For smaller companies, risks can be even more pronounced. “If you are putting a significant amount of capital on the line, you have to do so in a thoughtful, targeted and focused manner that is in keeping with your strategy. Protecting intellectual property can be another issue, especially when sharing technology with a foreign partner.”
Despite such red flags, Mr. Evans is convinced that investing overseas is as much about survival as it is potential success. “Part of it is about expansion into foreign markets.
But part of it is also about protecting your interests at home too.”
CASE STUDY 1: CANADA MENTALS
Expansion helps B.C. manufacturer navigate economic challenges
John Mitchell has a message for small and medium-sized Canadian manufacturers: “To survive in Canada, you have to invest abroad.”
In 2003, he found himself staring down some hard realities: a rising Canadian dollar was rapidly eroding his profits and his biggest customers were demanding lower prices.
It was a wakeup call for the president and CEO of Delta, B.C.-based Canada Metals, which had earned a dominant share of the recreational boating industry’s zinc anode market by serving customers including Yamaha and Mercury Marine.
An analysis revealed that uncompetitive labour rates and a limited market focus further threatened Canada Metals’ future. “We decided to focus on opportunities in lower-cost emerging markets. Further, we would look at global expansion,” says Mr. Mitchell.
After evaluating several possible locations for an offshore manufacturing facility, Mr. Mitchell says China stood out.
It was 2004, and “China had opened up to wholly owned foreign entities. They presented us with a seven-year tax holiday, assistance getting through red tape and other help. These people were motivated,” he says.
Still, establishing the facility wasn’t easy. “I have a lot more grey hair. There were a lot of cultural idiosyncrasies and rules and regulations to learn,” says Mr. Mitchell. “But we felt if we could bring down our cost and maintain our quality, we could compete globally.
“We accomplished that, and this allowed us to expand sales into Europe and South America.”
As a result, Canada Metals has doubled its revenue, grown beyond its original customer base and added new product lines, including its proprietary Martyr brand zinc anodes. Its sales in China are robust and growing. And the company recently added operations in Italy and New Zealand to its group.
In Canada, “where I used to have a lot of labourers, I now have quality technicians, engineers, and sales and marketing staff,” says Mr. Mitchell of the head office, which employs 85 people. “Had I not expanded, I would have been out of business.”
CASE STUDY 2: TOON BOOM ANIMATION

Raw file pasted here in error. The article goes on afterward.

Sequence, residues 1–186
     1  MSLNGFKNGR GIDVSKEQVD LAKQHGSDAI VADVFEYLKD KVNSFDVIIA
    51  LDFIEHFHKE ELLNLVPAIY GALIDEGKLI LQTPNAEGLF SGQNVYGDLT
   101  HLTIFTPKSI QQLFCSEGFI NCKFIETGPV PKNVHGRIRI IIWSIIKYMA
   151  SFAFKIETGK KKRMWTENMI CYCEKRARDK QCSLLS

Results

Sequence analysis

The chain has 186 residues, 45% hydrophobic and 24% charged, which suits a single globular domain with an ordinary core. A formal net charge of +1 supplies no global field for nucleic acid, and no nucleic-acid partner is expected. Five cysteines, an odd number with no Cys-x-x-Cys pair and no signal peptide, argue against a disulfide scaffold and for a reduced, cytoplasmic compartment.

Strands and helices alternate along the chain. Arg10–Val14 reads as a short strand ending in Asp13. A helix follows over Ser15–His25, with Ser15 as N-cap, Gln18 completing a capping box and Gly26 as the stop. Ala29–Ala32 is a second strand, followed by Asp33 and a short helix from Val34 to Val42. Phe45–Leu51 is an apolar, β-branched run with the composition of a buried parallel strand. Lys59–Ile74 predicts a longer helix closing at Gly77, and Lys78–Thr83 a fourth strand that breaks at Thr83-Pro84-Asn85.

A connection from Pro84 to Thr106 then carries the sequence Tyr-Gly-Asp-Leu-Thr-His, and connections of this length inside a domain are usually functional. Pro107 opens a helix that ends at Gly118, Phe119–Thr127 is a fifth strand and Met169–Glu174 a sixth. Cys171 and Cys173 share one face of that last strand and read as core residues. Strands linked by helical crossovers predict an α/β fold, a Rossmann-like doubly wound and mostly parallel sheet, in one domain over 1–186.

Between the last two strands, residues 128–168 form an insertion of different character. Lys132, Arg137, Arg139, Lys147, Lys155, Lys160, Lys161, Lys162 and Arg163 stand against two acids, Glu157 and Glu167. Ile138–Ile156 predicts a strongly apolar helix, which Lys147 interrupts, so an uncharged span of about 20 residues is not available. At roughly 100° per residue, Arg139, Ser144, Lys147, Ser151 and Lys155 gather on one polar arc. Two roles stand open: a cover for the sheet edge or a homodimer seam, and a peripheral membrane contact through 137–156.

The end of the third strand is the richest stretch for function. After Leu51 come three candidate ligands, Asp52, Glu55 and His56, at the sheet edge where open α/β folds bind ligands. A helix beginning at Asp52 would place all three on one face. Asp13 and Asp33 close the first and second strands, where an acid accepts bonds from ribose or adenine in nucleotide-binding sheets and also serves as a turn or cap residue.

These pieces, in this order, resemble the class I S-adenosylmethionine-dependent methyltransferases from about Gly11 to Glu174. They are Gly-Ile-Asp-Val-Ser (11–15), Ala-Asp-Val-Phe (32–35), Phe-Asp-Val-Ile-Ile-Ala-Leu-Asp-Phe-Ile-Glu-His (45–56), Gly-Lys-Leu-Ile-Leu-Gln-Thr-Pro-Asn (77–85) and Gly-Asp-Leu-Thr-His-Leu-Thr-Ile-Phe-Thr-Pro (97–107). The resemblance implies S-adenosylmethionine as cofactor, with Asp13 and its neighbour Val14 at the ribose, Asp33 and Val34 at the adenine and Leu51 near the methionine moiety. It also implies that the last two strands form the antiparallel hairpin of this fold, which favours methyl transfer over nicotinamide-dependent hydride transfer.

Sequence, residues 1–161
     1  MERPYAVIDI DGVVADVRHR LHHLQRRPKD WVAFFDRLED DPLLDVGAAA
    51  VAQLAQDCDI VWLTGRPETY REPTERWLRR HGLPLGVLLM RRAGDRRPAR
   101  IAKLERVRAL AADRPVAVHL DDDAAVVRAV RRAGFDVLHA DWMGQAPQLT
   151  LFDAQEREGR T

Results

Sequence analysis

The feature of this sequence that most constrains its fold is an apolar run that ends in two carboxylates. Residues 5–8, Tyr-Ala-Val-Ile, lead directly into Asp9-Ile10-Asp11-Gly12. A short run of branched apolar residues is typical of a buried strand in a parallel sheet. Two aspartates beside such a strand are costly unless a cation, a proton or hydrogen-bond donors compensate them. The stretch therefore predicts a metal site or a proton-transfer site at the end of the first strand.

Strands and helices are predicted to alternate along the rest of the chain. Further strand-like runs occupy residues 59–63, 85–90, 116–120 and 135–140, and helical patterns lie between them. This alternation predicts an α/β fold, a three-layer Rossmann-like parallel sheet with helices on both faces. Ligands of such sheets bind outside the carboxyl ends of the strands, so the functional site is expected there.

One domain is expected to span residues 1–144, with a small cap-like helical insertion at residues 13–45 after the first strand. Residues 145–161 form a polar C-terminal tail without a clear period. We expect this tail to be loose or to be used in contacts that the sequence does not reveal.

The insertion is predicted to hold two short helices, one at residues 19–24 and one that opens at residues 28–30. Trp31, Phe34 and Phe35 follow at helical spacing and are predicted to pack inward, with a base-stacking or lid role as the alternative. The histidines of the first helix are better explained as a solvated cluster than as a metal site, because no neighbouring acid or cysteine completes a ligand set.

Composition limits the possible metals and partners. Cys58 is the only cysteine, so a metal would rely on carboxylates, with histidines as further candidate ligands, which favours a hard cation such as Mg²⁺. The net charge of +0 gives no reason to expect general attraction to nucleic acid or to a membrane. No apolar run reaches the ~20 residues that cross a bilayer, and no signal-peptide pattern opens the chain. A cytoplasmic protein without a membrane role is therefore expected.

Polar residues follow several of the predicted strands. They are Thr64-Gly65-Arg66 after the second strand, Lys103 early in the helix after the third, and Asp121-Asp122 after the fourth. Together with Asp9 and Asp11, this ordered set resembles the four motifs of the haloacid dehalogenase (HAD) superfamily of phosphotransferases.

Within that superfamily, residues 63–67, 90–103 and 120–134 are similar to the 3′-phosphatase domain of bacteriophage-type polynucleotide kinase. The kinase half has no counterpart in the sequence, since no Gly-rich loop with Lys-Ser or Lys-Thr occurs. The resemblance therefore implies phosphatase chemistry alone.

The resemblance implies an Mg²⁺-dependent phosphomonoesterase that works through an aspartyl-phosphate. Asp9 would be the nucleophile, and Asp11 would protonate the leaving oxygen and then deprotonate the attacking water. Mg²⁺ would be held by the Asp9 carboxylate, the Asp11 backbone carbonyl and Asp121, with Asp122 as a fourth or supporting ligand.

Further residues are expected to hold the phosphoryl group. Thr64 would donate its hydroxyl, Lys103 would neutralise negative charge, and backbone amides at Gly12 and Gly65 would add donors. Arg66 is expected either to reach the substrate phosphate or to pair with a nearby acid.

Animation software maker a picture of success
Were it not for its determined expansion efforts, Montreal-based Toon Boom Animation might today be little more than a one-product business. Instead, it’s a global success with rising prospects.
By 2000, the company, which makes animation software for the education, TV and film industries, had established a worldwide presence that included relationships with studios in Hollywood, Europe, China and elsewhere.
Company president and CEO Joan Vogelesang says, “We think of the world as our oyster.”
Inspired, in part, by Toon Boom’s game-changing investments in India that began 12 years ago, Ms. Vogelesang is chasing opportunities in South America, the Middle East and the Caribbean, among other markets.
Through a chance encounter with India-based film distributor Dhiren Shah in 2000, Ms. Vogelesang learned about India’s rising middle class and its virtually non-existent animation industry.
“At the time, India’s TV and film industry was built around Bollywood and Live Action. We expected demand for cartoon content in feature films and TV would rise.”
She says it took nearly a year and a half – and about a million dollars invested – before Toon Boom saw any returns. Over that time, Ms. Vogelesang and others met with studios, government officials and entrepreneurs, including Mr. Shah, who saw the potential to build a new industry. Eventually, those efforts paid royally.
By 2008, India’s animation market was valued at $494 million. Today, it’s worth over $1 billion, and Toon Boom is a major player.
Toon Boom has since launched a simplified version of its technology now used as a dynamic learning tool in a growing number of classrooms. “We are already in thousands of schools in the U.S.”
While encouraging Canadian SMEs to explore global opportunities, Ms. Vogelesang cautions, “You have to protect your IP. And you can’t just hand your business off to a distributor or to a junior. You have to invest in strong, ethical relationships. And you need to have the faith and confidence that your investments will pay in the long run.”
For more information, visit edc.ca.